Monteverdi’s Vespers of the Blessed Virgin at Plymouth Guildhall

United KingdomUnited Kingdom Monteverdi: Plymouth Philharmonic Choir and Orchestra, Cecilia Osmond & Esther Brazil (sopranos), Simon Ponsford (male alto), Ben Thapa & Robert Anthony Gardiner (tenors), Richard Bannan & Julian Dubreuil (basses) / Christopher Fletcher (conductor). Plymouth Guildhall. 26.11.2017. (PRB)

Plymouth Philharmonic Choir - credit Howard Perks
Plymouth Philharmonic Choir (c) Howard Perks

Monteverdi – Vespers of the Blessed Virgin (1610)

Monteverdi’s Vespers, which the composer published in 1610, has now become as much a stalwart of Baroque vocal repertoire as Handel’s Messiah, or Bach’s St. Matthew Passion. But despite the fact that Monteverdi’s work predates these two by over a hundred years at least, it is still the new kid on the block by virtue of the fact that the first complete public performance took place only back in the 1930s, spurred on, no doubt, by the post-war early-music brigade. This is all the more extraordinary given that Monteverdi’s Vespers probably is not a ‘work’ as such; the composer may not even have heard it given as one. In fact, the 1610 publication was entitled Missa …ac Vespera …cum nonnullis sacris concentibus (Mass and Vespers, with some Sacred Concertos). Admittedly, some movements are regular components of the Vespers format, but a service that is liturgically correct cannot itself be fashioned from Monteverdi’s example as it stands. That would appear to corroborate its original status. Furthermore, both in terms of instrumentation, which can be a fully-fledged Baroque ensemble of period instruments, or one with their modern equivalents, the Vespers can be performed either with just one voice to a part, or by a large choir of choral-society dimensions—and pretty much anything else in between. At the end of the day, though, it is for the conductor to make these initial decisions, and then to recreate a work that will ultimately have the same appeal as any large-scale one by Bach or Handel. Some further personal judgement will then be required, in order to arrive at the finished product.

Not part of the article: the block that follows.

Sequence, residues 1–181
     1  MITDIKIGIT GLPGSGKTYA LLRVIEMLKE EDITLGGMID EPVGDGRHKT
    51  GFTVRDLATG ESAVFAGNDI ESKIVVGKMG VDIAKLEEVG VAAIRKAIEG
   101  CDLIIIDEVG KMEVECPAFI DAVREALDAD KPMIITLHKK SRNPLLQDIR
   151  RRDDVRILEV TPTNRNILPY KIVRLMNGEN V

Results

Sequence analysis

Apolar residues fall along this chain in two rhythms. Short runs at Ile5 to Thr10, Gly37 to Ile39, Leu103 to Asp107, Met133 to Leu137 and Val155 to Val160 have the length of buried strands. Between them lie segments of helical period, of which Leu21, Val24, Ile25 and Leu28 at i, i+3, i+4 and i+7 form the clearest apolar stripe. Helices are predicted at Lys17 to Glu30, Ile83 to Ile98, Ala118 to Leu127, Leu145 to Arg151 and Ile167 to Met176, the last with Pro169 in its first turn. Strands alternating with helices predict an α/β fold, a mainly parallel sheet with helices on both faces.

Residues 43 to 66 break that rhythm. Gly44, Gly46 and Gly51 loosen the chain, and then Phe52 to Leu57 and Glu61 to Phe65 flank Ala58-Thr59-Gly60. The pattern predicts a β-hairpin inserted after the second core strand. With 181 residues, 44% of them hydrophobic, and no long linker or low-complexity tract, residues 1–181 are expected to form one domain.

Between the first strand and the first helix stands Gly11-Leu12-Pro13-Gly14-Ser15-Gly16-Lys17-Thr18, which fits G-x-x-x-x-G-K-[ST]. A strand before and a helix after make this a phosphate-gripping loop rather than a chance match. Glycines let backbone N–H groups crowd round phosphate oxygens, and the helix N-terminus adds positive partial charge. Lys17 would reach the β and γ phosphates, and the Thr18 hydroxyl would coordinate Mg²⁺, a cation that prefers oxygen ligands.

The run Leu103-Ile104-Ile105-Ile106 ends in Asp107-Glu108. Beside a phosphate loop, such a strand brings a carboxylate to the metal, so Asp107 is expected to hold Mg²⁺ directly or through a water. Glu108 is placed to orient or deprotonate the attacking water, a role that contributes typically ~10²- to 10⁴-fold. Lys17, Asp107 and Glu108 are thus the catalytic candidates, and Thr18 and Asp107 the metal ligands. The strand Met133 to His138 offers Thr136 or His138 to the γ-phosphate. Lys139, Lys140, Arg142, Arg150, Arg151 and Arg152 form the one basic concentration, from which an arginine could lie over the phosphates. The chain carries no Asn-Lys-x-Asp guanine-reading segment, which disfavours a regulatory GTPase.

Christopher Fletcher, the conductor of Plymouth Philharmonic Choir, conductor had clearly done all his homework and preparation well before rehearsals had even commenced. He realised that one of the essential tenets that make Messiah, for example, so effective, is the alternation of solo and choral numbers. By sharing a little of Monteverdi’s original chorus material with the soloists, Fletcher was not only adding to the effect of contrast, but, of course, slightly reducing the workload for his choir members, some of whom said afterwards that the Vespers was one of the hardest works they had ever sung. In terms of orchestra, Fletcher went with modern instruments here, which was the only sensible choice when one balances instrumental resources against a choir of over a hundred voices. With no other option than to use two electronic equivalents for the harpsichord and organ continuo, this worked really well on the night. Each respective player’s performance was totally idiomatic and within keeping, and volume levels always realistic. With reference the choir, even though the men’s section was somewhat disappointingly depleted, the conductor was still faced with the difficult task of ensuring brisk tempi, with the added complex rhythmic juxtapositions, while at the same time needing to manoeuvre a significantly large body in the process. But conductor and choir had obviously worked really hard on this in rehearsal, and when the orchestra was finally added, so that entries were largely taut and well-disciplined, and tempo changes negotiated mostly seamlessly.